22. Choose a book and brainstorm songs that could make it a musical (Mary Poppins is an example)
  23. Write a sentence using only the letters A-G – then play the sentence on the piano.
  24. Read about famous composers.
  25. Learn to play an instrument.
  26. Use rhythm to teach fluency.
  27. Use percussion instruments when reading poetry.
  28. Use percussion instrument to learn phonics – sounding out word parts.
  29. Play author musical chairs.
  30. Keep a journal for music practice.
  31. Learn about music during different eras.
  32. Study musical styles and compare them to parts of the book.
  33. Compare music eras to art and literature written at the same time.
  34. Write a jingle to learn the parts of speech.
  35. Match note names to notes on the staff.
  36. Let students sign for oral assessments.
  37. Make a scavenger hunt based on solving musical riddles.
  38. Make up rhyming songs
  39. Make up alliteration songs
  40. Find vocabulary words in songs.
  41. Songs often have a pattern – like A B A C – Write a story using a music pattern.
  42. Put memoires to music.
  43. Write the refrain to your research paper – Put your thesis statement to music.
  44. Give speeches about composers.
  45. Find songs about the topic you are learning about in a class.
  46. Write lyrics / poetry using new vocabulary.
  47. Play classical music during free writes.
  48. Sing along with recordings of literacy-based songs
  49. Write a poem or reflection about how a piece of music makes you feel.
  50. Study with music to help with recall.
  51. Let students play games on websites like San Francisco Symphony Kids, Dallas Symphony Orchestra Kids, or New York Philharmonic Kids
  52. Compare and contract the emotions of a character to popular songs.
  53. Study the brain science behind how music literacy helps reading.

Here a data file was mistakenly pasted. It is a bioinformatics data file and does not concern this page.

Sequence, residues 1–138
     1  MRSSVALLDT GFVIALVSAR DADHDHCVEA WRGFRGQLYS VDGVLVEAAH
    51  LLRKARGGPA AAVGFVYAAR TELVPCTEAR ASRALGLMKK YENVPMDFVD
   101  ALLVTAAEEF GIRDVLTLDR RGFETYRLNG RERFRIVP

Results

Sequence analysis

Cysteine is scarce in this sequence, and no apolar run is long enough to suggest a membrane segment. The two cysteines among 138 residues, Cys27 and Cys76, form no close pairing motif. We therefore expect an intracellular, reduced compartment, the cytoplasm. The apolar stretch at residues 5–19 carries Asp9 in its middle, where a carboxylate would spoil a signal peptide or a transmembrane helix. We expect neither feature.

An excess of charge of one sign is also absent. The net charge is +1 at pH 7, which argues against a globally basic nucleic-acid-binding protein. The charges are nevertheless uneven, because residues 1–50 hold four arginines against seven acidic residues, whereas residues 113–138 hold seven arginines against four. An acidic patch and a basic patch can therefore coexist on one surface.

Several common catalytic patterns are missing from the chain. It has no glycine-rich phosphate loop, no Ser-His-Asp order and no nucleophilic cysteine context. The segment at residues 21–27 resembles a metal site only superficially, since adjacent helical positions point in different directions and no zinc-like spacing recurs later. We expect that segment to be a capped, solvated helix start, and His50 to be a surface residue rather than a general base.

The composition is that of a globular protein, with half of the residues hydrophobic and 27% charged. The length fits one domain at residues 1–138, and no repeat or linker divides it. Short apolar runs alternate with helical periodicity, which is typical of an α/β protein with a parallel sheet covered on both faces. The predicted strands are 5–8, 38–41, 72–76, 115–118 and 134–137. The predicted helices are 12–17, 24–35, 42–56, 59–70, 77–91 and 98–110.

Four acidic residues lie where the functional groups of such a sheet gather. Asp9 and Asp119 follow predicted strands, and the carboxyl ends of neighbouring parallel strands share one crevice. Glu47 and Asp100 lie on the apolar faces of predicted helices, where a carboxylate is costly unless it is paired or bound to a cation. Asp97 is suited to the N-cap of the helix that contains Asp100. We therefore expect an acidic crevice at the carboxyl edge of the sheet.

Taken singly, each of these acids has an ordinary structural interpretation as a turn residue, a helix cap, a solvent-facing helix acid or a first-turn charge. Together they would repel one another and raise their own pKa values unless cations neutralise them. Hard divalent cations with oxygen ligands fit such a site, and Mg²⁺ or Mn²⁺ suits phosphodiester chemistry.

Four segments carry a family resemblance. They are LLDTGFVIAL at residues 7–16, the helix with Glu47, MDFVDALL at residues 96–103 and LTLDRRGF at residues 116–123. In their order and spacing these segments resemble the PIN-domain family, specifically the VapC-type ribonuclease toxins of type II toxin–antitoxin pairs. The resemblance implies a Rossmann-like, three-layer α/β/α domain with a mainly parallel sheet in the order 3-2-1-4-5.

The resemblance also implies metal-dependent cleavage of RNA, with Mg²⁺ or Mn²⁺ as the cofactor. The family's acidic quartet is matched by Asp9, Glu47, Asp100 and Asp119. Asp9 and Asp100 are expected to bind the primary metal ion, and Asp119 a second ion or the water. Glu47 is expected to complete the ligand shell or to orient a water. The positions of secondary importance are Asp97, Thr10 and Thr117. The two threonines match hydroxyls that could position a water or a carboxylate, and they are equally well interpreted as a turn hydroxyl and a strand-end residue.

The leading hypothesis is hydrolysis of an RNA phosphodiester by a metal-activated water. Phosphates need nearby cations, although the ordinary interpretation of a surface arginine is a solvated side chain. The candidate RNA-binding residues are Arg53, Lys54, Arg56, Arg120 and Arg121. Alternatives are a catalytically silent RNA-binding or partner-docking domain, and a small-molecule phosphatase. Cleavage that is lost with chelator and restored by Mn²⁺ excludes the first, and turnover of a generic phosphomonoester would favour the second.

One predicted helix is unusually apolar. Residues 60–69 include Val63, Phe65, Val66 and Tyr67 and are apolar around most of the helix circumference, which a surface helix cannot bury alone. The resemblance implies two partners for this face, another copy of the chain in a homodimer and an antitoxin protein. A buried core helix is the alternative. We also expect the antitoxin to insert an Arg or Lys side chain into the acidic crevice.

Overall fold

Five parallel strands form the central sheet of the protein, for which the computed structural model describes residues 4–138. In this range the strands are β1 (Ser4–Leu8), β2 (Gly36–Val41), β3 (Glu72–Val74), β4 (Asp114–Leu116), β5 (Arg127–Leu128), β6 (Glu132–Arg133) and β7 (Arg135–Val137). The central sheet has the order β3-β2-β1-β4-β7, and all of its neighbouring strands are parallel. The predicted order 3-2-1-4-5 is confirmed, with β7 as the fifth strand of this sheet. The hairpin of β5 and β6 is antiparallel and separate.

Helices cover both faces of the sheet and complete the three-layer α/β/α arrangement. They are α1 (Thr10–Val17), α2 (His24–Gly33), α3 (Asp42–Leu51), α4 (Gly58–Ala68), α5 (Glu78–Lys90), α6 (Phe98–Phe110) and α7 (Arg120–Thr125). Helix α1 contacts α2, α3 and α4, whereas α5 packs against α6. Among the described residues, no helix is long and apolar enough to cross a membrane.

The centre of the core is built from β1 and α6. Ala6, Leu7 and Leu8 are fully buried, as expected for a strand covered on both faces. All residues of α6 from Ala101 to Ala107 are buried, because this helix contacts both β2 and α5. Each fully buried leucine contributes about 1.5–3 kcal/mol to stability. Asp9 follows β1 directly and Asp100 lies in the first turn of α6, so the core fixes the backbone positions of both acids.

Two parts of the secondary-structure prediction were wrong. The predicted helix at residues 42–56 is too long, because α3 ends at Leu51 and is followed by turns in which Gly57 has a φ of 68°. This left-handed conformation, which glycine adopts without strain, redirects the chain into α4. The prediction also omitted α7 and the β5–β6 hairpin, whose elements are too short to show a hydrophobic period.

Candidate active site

54. Study how music affects emotions (scary music in a movie for example).
  55. Use music vocabulary and dynamics to improve reading fluency.
  56. Let students listen to music without words when studying or working independently.
  57. Mix music literacy stations in with classroom language arts stations.
  58. Learn about storytellers and how they use music.
  59. Invite a composer as a guest speaker to compare music and literature revision strategies.
  60. Mark a speech with dynamics symbols for how the speaker is to present.
  61. Read and listen to storybooks based on song lyrics (Puff the Magic Dragon).
  62. Research the history behind holiday songs.
  63. Perform music in public as a way to feel confident giving presentations.
  64. Learn about different cultures though global music styles.
  65. Draw to music.
  66. Teach preschool students nursery rhythms
  67. Reflect on visualization from music compared to imagining a character or setting.
  68. Compare book genres to music genres.
  69. Study religion and history through music.
  70. Discuss the influence that a song can have on a culture.
  71. Conduct and report on a survey that studies music preferences.
  72. Analyze the author / composer purpose (To persuade, inform, entertain, explain).
  73. Analyze how a song is organized – Comparison / contrast, chronological, argument / support.
  74. Analyze word choice in songs.
  75. Compare dynamics to punctuation and conventions.
  76. Talk to composers and songwriter about where they get their ideas.
  77. Work on music pitch to build phonological awareness (in first and second languages).
  78. Study historic events through song re-makes (The Too Late to Apologize uTube video with the Founding Fathers)
  79. Compare the 6 traits of writing to the traits of music.
  80. Compare effective repetition in music and literature.